commons-commits mailing list archives

Site index · List index
Message view « Date » · « Thread »
Top « Date » · « Thread »
From simonetrip...@apache.org
Subject svn commit: r991107 - in /commons/proper/digester/trunk/src/site: site.xml xdoc/plugins.xml
Date Tue, 31 Aug 2010 07:44:35 GMT
Author: simonetripodi
Date: Tue Aug 31 07:44:35 2010
New Revision: 991107

URL: http://svn.apache.org/viewvc?rev=991107&view=rev
Log:
added the plugins page

Added:
    commons/proper/digester/trunk/src/site/xdoc/plugins.xml   (with props)
Modified:
    commons/proper/digester/trunk/src/site/site.xml

Modified: commons/proper/digester/trunk/src/site/site.xml
URL: http://svn.apache.org/viewvc/commons/proper/digester/trunk/src/site/site.xml?rev=991107&r1=991106&r2=991107&view=diff
==============================================================================
--- commons/proper/digester/trunk/src/site/site.xml (original)
+++ commons/proper/digester/trunk/src/site/site.xml Tue Aug 31 07:44:35 2010
@@ -34,6 +34,7 @@
 
     <menu name="Developers Guide">
       <item name="Core APIs"            href="/core.html"/>
+      <item name="Plugins"              href="/plugins.html"/>
       <item name="FAQ"                  href="/faq.html"/>
     </menu>
 

Added: commons/proper/digester/trunk/src/site/xdoc/plugins.xml
URL: http://svn.apache.org/viewvc/commons/proper/digester/trunk/src/site/xdoc/plugins.xml?rev=991107&view=auto
==============================================================================
--- commons/proper/digester/trunk/src/site/xdoc/plugins.xml (added)
+++ commons/proper/digester/trunk/src/site/xdoc/plugins.xml Tue Aug 31 07:44:35 2010
@@ -0,0 +1,246 @@
+<?xml version="1.0" encoding="UTF-8"?>
+<!--
+Licensed to the Apache Software Foundation (ASF) under one or more
+contributor license agreements.  See the NOTICE file distributed with
+this work for additional information regarding copyright ownership.
+The ASF licenses this file to You under the Apache License, Version 2.0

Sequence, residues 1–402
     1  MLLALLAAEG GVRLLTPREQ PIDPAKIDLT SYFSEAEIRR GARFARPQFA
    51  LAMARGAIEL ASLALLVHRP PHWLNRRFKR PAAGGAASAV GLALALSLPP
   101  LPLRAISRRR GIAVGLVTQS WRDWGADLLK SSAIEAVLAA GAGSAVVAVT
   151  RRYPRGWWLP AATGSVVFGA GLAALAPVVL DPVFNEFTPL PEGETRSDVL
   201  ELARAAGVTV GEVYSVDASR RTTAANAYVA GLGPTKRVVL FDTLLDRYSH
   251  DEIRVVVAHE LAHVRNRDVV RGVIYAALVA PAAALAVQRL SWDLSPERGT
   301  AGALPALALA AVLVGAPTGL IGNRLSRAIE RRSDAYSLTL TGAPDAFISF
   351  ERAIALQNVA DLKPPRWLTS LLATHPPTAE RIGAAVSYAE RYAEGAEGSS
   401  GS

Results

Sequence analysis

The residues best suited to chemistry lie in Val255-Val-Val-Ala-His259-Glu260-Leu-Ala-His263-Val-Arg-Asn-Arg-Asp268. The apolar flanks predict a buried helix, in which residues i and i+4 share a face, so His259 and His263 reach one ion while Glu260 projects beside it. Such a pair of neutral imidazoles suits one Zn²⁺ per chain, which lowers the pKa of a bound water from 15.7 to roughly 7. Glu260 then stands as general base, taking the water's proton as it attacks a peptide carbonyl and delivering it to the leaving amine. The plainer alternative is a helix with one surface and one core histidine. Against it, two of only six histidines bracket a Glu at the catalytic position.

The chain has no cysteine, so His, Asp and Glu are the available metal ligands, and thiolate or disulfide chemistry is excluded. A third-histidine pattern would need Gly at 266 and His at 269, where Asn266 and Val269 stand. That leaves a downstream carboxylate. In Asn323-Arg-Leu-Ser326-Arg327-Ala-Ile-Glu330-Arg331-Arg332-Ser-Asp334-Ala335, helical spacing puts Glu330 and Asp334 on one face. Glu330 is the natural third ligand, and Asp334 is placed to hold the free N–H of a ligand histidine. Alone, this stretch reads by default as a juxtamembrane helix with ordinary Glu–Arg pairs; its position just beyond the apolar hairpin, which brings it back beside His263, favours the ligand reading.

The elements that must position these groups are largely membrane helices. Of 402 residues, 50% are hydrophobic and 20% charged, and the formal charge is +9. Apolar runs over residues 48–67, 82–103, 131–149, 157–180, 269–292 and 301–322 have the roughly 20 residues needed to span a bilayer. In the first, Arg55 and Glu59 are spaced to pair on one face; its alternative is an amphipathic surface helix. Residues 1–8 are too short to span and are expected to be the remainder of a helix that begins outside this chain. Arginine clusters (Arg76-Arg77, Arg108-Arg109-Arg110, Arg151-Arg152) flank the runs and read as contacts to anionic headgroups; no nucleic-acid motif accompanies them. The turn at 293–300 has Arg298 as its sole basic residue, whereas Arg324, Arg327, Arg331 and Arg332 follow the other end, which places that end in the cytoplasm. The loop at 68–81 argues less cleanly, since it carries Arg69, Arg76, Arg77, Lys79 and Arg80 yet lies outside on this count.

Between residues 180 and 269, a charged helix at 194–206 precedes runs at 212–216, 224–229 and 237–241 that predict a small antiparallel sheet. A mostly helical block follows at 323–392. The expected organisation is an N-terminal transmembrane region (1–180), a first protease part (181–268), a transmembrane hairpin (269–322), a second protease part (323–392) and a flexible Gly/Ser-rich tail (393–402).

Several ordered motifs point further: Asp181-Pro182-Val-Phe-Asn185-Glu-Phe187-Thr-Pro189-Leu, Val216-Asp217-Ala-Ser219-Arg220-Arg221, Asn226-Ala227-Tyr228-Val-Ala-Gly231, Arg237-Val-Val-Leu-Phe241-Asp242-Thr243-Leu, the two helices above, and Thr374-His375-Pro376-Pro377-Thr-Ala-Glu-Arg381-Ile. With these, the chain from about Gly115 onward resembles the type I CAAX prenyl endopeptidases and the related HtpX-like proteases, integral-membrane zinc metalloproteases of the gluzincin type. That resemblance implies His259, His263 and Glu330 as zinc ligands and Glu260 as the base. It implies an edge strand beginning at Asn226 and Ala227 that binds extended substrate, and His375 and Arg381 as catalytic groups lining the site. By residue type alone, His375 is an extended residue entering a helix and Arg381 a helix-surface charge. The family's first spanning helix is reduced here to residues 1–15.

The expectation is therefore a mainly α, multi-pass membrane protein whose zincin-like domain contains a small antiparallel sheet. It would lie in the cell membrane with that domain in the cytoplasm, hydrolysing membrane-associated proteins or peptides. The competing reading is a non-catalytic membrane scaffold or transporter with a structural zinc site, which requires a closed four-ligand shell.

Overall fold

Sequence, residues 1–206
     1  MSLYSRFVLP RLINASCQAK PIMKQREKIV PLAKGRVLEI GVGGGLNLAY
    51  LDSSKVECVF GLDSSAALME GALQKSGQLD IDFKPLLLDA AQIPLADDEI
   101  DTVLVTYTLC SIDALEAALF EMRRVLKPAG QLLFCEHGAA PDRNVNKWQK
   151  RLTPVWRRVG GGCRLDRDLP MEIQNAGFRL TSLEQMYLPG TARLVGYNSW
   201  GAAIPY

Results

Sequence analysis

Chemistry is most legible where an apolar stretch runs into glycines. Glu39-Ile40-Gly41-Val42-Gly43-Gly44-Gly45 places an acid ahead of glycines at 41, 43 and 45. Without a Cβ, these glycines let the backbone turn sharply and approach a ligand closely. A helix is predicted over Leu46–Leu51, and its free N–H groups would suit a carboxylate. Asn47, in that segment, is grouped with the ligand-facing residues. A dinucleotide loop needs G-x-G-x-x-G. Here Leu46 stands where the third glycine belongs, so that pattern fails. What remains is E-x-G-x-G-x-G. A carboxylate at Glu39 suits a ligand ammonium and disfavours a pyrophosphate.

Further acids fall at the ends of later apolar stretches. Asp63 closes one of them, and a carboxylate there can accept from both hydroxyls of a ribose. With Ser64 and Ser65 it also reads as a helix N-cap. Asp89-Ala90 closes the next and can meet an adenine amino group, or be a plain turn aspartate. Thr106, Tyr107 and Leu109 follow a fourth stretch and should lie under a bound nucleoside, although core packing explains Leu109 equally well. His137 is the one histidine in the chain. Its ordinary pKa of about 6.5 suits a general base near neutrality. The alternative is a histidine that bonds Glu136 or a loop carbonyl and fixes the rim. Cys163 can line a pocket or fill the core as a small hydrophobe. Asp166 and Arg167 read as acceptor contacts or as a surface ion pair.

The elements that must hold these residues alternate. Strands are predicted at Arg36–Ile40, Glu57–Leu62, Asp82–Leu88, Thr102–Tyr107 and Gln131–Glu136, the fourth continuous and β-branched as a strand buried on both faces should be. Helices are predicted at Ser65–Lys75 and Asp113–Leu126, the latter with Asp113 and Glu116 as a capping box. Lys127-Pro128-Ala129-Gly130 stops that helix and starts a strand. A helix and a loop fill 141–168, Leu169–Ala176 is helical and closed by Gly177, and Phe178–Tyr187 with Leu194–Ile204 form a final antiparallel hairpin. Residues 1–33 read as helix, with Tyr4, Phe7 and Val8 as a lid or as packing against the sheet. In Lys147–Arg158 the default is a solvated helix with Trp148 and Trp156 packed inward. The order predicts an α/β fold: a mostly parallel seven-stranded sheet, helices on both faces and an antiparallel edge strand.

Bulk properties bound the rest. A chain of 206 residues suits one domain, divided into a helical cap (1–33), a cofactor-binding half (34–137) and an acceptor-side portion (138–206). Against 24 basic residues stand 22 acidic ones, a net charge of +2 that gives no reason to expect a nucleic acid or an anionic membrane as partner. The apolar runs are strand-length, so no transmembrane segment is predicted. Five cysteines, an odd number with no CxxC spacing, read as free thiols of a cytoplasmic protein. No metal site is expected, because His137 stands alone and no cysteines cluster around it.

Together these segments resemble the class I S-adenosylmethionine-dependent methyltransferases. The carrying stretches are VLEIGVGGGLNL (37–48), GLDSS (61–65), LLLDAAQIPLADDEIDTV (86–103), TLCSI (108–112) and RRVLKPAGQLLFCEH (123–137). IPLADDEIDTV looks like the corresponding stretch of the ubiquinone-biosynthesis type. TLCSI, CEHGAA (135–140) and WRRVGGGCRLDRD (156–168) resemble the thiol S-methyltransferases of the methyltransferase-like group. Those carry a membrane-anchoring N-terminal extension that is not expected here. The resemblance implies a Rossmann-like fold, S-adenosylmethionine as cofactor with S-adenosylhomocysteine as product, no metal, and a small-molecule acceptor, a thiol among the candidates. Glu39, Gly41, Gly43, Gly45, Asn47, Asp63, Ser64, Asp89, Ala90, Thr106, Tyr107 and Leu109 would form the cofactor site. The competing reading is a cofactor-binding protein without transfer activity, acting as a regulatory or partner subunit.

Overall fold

+(the "License"); you may not use this file except in compliance with
+the License.  You may obtain a copy of the License at
+
+     http://www.apache.org/licenses/LICENSE-2.0
+
+Unless required by applicable law or agreed to in writing, software
+distributed under the License is distributed on an "AS IS" BASIS,
+WITHOUT WARRANTIES OR CONDITIONS OF ANY KIND, either express or implied.
+See the License for the specific language governing permissions and
+limitations under the License.
+-->
+<document xmlns="http://maven.apache.org/XDOC/2.0"
+  xmlns:xsi="http://www.w3.org/2001/XMLSchema-instance"
+  xsi:schemaLocation="http://maven.apache.org/XDOC/2.0 http://maven.apache.org/xsd/xdoc-2.0.xsd">
+  <properties>
+    <title>Download Commons Digester</title>
+    <author email="dev@commons.apache.org">Commons Documentation Team</author>
+  </properties>
+  <body>
+    <section name="An overview of the Digester Plugins module.">
+      <p>Provides an easy mechanism whereby new digestion rules 
+can be added dynamically during a digestion.</p>
+
+      <subsection name="Introduction">
+        <p>Many applications have xml configuration files which are "extensible".
+Some examples of this are:</p>
+<ul>
+<li>Apache log4j allows user-provided "Appender" classes to be specified in 
+    its configuration file</li>
+<li>Apache Avalon allows "components" of a user-specified class</li>